With the Olympics underway, it seems a good time to think about sport! The first serious sporting fixture at the University of Otago involved rugby, though it was a very different sort of game back then. In 1871 there were just 81 students enrolled at Otago, but they managed to muster a team for a 22-a-side football game against Otago Boys High School. It extended over several hours and two Saturdays and ended in a draw. George Sale, the young classics professor and an old boy of Rugby School, played alongside the students, and in 1884 he became inaugural president of the Otago University Rugby Football Club. Cricket wasn’t far behind rugby, with its first match also in 1871, against the Citizens Cricket Club. Cricket historian George Griffiths suggested this first match was ‘archetypal’, for it ‘began disgracefully late, two selected players failed to turn up, and University were resoundingly beaten’. George Sale was again one of the team. Enthusiasts formed a University of Otago Cricket Club in 1876, but it only lasted three seasons; a second attempt survived from 1895 to 1900. The university managed to scratch together teams for one-off matches, but it was in the 1930s that it again managed to get together a club which played regularly in the local competition.
Tennis was one of the most popular early sports, for it required few people and could be played by men and women together. In 1884 students petitioned the university council to provide a tennis court and it duly obliged; the students formed a tennis club and within a couple of years had raised funds to lay down a second court. The tennis club, like many, had its ups and downs through the years. In 1890 one of its courts had to make way for the new School of Mines building and this was not the last time tennis courts were to provide an ideal flat site for building expansion; in the 1970s the Archway Lecture Theatres took the place of tennis courts.
The Otago University Bicycle Club, featured in an earlier post, was founded in 1896, and a year later the University Gymnastic Club began meeting weekly for ‘both exercise and amusement’. By 1901 the ‘noble art’ of boxing was an important feature of the club: ‘It is a huge treat to see a couple of junior Meds punching each other vigorously’, noted its correspondent in the Review. The gymnastic club was very short of members though, and may have evolved into the more specialist boxing club, which was up and running by 1910.
Hockey was another favourite with both men and women. ‘The hockeyites are enthusiastic and promise great things’, noted the Review in 1905, when both women’s and men’s clubs got started. Otago women students were early adopters of basketball (known as netball from 1970). This new sport, which some found preferable ‘to the more strenuous game of hockey’ was taking off in Dunedin schools and church organisations. University teams played in local matches in 1915, the year that the Otago Basket Ball Association, New Zealand’s first, was established, and by 1918 there was an established university club. The Golf Club, consisting of ‘some thirty enthusiastic players’, got started in 1920. Later to start than some other sports clubs, but destined for a flourishing future, was the rowing club, founded in 1929. It started out using the facilities of the Otago Rowing Club, but by the late 1930s had acquired its own boats and had dozens of members. In subsequent decades the growing university was able to support an ever-broadening range of sports clubs, from archery and taekwondo to diving and badminton, and of course some students also played for clubs outside the university.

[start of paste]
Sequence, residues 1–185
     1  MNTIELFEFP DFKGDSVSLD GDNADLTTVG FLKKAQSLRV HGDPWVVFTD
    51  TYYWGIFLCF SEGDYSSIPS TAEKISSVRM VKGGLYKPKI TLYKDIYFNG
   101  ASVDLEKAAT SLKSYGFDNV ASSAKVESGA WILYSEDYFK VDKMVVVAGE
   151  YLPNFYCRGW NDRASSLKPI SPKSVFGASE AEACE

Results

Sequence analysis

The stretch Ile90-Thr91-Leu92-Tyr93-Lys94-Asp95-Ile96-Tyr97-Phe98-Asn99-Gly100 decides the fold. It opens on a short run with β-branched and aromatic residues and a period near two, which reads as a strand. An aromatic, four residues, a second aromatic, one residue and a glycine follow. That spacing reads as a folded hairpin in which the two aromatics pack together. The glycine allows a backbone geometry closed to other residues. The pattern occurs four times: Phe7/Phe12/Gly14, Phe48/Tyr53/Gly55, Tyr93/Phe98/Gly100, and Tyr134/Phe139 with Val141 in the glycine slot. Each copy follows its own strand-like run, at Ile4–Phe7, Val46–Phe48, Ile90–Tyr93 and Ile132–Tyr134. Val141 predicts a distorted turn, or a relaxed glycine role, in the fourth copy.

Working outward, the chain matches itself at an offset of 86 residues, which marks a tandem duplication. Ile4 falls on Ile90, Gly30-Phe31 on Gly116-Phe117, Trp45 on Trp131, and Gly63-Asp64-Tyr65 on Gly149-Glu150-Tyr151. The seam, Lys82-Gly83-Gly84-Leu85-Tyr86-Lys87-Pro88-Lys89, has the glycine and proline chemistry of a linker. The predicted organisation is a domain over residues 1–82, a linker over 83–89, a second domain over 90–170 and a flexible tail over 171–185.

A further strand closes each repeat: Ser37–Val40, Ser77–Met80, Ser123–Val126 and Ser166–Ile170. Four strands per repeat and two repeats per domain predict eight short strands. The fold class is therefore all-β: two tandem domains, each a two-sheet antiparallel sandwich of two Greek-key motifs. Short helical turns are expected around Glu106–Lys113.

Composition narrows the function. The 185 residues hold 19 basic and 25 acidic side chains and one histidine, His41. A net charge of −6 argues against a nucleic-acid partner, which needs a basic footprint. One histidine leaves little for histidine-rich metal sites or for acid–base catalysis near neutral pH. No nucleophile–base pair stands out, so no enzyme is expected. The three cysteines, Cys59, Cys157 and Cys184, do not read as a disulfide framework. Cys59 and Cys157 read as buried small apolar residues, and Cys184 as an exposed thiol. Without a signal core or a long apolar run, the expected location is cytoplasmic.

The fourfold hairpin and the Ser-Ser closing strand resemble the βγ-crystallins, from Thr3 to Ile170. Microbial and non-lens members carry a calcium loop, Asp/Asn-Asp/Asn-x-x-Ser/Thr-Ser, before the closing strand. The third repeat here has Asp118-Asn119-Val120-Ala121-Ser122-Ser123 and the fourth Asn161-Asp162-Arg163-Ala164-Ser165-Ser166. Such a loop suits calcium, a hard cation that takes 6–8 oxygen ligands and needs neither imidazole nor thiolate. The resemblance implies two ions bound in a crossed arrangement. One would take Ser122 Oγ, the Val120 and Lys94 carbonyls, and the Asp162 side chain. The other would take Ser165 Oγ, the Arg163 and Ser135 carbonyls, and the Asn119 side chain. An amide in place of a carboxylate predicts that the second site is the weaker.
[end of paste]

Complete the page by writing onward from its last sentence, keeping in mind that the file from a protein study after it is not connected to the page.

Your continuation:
Students didn’t have to join a club to enjoy sports. Many a scratch team was put together for a bit of fun, such as the regular annual footy matches between dental and mining students. Residential colleges promoted sports as well, forming teams and playing against other colleges. Soon after Otago’s second college, Knox, opened in 1909, it began playing tennis, hockey and rugby games against the first college, Selwyn. In 1932 they institutionalised their sporting rivalry with the Cameron Shield, hotly contested in various codes ever since. Arthur Porritt, an early 1920s medical student and Selwyn resident, recalled that ‘statutory work accomplished, we indulged to the maximum extent possible in sport …. “Billy” Fea and Mackereth – two “All Blacks” – were our heroes – and we rejoiced in winning the Inter Varsity Tournament’. Porritt was an outstanding athlete himself, winning a bronze medal in the 100m at the 1924 Olympics in Paris (famously portrayed in the film Chariots of Fire, but with a fictional character representing Porritt). Athletics took off at Otago when the Easter Tournament between the four university colleges commenced in 1902. Soon after that first tournament – hosted and won by Canterbury – Peter Buck (Te Rangi Hiroa) presided at the founding meeting of the Otago University Amateur Athletic Club. The club ran annual ‘inter-faculty’ events, where students of Otago’s various faculties competed for athletic glory; they served as trials for the Otago tournament team. In 1923 the athletic club acquired ‘an offspring’, the University Harrier Club, which held Saturday afternoon distance runs. The harrier club reported in 1930 that its ‘finest individual performance’ came from one J. Lovelock, ‘the best distance runner whom Otago University has yet produced’. Jack Lovelock, a medical student of 1929 and 1930, headed to Oxford on a Rhodes Scholarship in 1931 and became ‘one of the most celebrated of all Olympic champions’, winning gold in the prestigious 1500m race at the 1936 Berlin Olympics.